Carl Sandler has been involved with biotech and Internet start-ups, but his latest creation hit a personal note.
“When I turned 40, my father suggested I dye my beard,” said Sandler, who promptly went to the drugstore to buy a box of the leading men’s hair color. “I put it on, waited five minutes and it was completely black. I couldn’t leave my house and eventually shaved my beard.”
The experience prompted him to research the options in the $200 million men’s at-home hair-color market. “I figured out I had picked the wrong shade and had used it too long. It took me over a year to learn how to dye well and I found out others had the same problem.”
Sandler uncovered that there was a lack of choices for men looking to dye. Since 1987, Just for Men has dominated the segment. For the 12-week period ended Aug. 12, according to IRI, Just for Men’s portfolio of hair colors produced sales in food, drug and mass doors exceeding $43 million. The closest competitor’s sales totaled less than $1.5 million. Sandler, noting an opportunity, decided to make men’s hair color his next start-up.
Borrowing from direct-to-consumer models such as Harry’s, Dollar Shave Club and Warby Parker, he’s launched True Sons, a dye system that lets men color their head, beard and body hair at home without a trip to a store. His kit has everything needed from gloves and wipes to a unique hair dye foam. True Sons is currently only available on the brand’s web site (truesons.com) through a monthly ($30) or quarterly ($72) subscription model and offers men a personal dye and grooming expert to provide tips for those who may be leery of taking the plunge. There are six shades with more in the works.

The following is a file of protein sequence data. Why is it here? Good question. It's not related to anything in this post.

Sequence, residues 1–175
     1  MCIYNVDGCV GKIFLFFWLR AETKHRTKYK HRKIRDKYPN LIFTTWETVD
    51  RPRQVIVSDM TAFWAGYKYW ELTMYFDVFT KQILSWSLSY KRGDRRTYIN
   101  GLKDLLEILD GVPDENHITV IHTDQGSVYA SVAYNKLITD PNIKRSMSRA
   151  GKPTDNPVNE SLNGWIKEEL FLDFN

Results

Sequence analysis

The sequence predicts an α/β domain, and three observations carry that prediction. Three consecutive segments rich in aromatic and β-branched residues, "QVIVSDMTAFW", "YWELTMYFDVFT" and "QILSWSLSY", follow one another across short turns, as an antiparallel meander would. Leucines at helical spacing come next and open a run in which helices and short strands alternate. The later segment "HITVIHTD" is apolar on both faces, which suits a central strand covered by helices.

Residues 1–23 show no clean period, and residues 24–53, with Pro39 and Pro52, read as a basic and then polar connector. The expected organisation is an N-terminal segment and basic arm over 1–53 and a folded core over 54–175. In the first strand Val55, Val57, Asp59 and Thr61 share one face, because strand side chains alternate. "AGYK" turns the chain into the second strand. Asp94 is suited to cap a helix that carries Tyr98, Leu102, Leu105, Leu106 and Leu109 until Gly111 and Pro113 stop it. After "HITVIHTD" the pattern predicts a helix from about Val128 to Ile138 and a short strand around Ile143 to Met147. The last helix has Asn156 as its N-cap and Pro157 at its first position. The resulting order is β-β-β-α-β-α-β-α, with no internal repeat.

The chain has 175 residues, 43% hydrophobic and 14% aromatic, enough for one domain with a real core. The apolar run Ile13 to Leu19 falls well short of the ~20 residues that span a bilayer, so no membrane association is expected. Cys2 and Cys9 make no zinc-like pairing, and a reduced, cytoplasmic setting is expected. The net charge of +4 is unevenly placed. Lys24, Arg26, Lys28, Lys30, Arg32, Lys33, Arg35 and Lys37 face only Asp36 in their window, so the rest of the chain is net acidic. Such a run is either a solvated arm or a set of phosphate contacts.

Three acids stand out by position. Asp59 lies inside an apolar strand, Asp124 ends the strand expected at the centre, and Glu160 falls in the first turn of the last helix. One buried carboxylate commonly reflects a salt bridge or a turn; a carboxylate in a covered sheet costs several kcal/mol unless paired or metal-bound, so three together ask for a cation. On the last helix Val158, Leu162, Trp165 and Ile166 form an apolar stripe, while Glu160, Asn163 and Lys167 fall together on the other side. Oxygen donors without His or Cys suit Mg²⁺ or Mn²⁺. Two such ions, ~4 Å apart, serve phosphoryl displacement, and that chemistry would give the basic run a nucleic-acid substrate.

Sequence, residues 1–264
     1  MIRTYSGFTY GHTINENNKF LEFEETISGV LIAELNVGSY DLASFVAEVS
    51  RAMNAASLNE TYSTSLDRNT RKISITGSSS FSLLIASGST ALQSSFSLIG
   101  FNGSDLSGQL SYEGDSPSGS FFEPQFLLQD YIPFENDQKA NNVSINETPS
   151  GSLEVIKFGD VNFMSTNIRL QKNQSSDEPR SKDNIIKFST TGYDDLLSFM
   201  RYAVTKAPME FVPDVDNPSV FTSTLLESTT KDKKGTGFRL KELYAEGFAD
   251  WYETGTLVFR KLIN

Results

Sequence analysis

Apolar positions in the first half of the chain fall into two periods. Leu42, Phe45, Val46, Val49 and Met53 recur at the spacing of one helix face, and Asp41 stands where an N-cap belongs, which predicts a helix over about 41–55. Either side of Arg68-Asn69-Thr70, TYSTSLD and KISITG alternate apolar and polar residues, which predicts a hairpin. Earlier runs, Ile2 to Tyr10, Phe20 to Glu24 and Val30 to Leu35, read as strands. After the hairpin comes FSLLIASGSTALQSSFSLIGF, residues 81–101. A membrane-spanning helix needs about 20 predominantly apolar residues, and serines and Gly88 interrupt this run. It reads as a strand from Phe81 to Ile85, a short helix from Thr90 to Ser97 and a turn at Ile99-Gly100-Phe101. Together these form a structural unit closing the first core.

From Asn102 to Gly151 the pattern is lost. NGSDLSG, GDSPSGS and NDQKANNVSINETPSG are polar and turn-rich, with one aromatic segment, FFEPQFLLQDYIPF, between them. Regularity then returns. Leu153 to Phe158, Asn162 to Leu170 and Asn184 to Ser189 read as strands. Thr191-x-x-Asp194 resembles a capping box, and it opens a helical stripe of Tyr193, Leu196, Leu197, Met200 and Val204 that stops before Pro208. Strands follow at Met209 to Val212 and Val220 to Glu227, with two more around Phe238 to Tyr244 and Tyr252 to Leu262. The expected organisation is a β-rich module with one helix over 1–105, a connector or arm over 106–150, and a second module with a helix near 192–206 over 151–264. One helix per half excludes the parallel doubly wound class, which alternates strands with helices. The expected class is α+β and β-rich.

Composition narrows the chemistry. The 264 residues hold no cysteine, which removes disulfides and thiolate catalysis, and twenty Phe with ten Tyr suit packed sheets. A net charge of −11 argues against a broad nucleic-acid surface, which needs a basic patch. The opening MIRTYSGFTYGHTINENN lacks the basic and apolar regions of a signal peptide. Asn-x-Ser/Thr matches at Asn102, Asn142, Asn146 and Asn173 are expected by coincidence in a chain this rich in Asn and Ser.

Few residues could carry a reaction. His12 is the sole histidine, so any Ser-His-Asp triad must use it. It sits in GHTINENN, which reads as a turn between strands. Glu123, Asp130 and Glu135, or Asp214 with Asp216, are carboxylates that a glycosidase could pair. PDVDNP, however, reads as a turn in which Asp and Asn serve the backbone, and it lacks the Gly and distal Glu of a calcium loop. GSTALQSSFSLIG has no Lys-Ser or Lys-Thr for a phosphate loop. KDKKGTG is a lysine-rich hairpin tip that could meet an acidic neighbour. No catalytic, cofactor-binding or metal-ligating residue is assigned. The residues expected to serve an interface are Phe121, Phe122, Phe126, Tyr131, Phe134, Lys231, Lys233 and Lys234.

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“I hated going to the store to purchase that product. It was embarrassing and overwhelming with 15 different boxes and you don’t know if you could use [them] on hair or beard,” he recalled. Mixing the formulas was cumbersome and there was very little education available. “I started thinking about what I’d want from as a product. I didn’t want to have to mix and I wanted it to be as easy as shaving.” The patent-pending foam is similar to a shaving cream that doesn’t require mixing. “I had to find my own chemists and get an aerosol manufacturer. It was a labor that took over three years.”
He is vying for a slice of a large market. Men actually start graying earlier than women — at age 30 versus 35. Fifty percent of the population will have 50 percent of their gray hair by the age of 50. However, Sandler said fewer than 8 percent of men color their hair versus 80 percent of women. He thinks his system, where men can easily control the amount of coverage, will help build users. While direct-to-consumer is his vehicle for the launch, he does think physical stores could work for True Sons.